He hacked with fury, I met his blows with equal fury, then after barley thirty seconds of fight, I disarmed him by cutting his hand, and with trained accuracy that was drilled into me, I thrust my blade deep into the mans chest. He looked at me with shock gleaming in his eyes. Then I moved on, my sword now freshly coated red with my enemies blood.

One down. Then, another down. Then, yet another. Soon, I lost count, for every encounter was another desperate struggle to keep my own life. And I did not go through each encounter without affliction, no, I too had my own fair share of nicks and cuts.

I searched for another of the enemy that I may slay. Then, I heard a strange whistling, and felt something sharp and intrusive enter me. I felt extreme pain go in me like a ripple. I glanced at my chest, a black shaft with a dark, wiry fletching protruded from the right side of my chest, blood began to bloom out, trickling down me. Mail or no mail, the enemies arrows were sharp, and somehow cut through it. I cursed at myself for letting such a misfortune befall me, but I went on, because that is what was required of me.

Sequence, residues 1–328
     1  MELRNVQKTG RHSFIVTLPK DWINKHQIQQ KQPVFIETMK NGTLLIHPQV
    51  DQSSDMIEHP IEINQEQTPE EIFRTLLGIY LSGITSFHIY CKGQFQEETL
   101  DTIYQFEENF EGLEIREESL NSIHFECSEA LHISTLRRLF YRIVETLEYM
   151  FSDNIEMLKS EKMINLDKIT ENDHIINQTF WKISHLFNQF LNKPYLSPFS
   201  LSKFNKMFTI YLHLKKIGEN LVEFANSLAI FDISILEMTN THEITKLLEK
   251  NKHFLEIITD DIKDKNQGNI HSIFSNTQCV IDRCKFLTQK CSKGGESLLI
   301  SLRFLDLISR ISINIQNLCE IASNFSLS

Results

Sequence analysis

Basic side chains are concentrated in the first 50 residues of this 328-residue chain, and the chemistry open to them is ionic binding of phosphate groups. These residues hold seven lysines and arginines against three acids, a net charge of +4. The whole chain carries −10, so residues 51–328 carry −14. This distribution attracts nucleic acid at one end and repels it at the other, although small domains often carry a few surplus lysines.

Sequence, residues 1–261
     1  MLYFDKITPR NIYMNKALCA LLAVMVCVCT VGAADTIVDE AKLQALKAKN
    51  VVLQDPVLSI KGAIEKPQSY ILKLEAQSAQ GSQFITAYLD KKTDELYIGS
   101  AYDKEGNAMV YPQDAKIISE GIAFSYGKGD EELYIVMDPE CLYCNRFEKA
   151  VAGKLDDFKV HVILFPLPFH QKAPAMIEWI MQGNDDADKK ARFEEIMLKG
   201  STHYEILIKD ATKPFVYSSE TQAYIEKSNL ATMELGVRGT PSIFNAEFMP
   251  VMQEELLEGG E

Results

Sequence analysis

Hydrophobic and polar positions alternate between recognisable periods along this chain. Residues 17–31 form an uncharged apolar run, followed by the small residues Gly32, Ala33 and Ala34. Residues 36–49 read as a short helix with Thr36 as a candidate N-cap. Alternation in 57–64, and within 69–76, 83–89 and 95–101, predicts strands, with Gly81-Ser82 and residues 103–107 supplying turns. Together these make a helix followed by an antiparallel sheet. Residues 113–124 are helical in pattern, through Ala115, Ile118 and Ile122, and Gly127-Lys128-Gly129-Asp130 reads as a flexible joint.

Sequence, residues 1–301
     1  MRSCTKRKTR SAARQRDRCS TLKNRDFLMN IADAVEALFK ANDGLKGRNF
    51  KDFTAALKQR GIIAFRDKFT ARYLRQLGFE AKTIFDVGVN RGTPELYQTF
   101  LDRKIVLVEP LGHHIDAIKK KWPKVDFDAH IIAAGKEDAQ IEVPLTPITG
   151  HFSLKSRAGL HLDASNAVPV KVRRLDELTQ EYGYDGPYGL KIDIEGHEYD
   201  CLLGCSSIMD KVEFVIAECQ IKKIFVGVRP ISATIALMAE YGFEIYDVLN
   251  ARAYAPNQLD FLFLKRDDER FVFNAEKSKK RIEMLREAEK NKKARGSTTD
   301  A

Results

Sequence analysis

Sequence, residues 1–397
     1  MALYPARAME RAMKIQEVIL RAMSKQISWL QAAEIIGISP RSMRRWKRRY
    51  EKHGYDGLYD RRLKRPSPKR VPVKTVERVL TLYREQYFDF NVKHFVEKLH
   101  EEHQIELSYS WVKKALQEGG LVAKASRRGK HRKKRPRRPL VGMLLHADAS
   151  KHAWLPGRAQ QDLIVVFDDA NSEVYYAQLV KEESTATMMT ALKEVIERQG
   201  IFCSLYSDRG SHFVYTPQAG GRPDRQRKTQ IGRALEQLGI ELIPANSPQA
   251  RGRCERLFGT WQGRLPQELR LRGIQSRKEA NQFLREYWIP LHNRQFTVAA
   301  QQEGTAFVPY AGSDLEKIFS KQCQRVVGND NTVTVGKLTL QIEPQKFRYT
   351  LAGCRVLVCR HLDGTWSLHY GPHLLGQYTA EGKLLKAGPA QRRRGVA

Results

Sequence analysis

I met more of the enemy. I slew them all, I will not let them introduce me to death so soon. For the battle goes on even if don’t, so I fight.

Whistling again, more pain. I know that it is another arrow that has entered me. This time, my mind works to block out the pain, but to no avail— my pain throbs with a passion. But— I go on.

My blade, cuts and hacks, thrusts and nicks, it whirls in a swift grace to give certain death to the enemy that opposes me. It is in constant motion, attacking, and defending. Warding off stray blows, and giving them. I can feel the arrows drain the life out of me, and I curse them. For I do not want them to be my ride to death.

As I glance about, looking at the progress of the battle, I see something. This something is very encouraging, very encouraging indeed. I see that we are winning. I let a laugh come from me. We were winning. The enemy was being pushed back at our might, we are winning.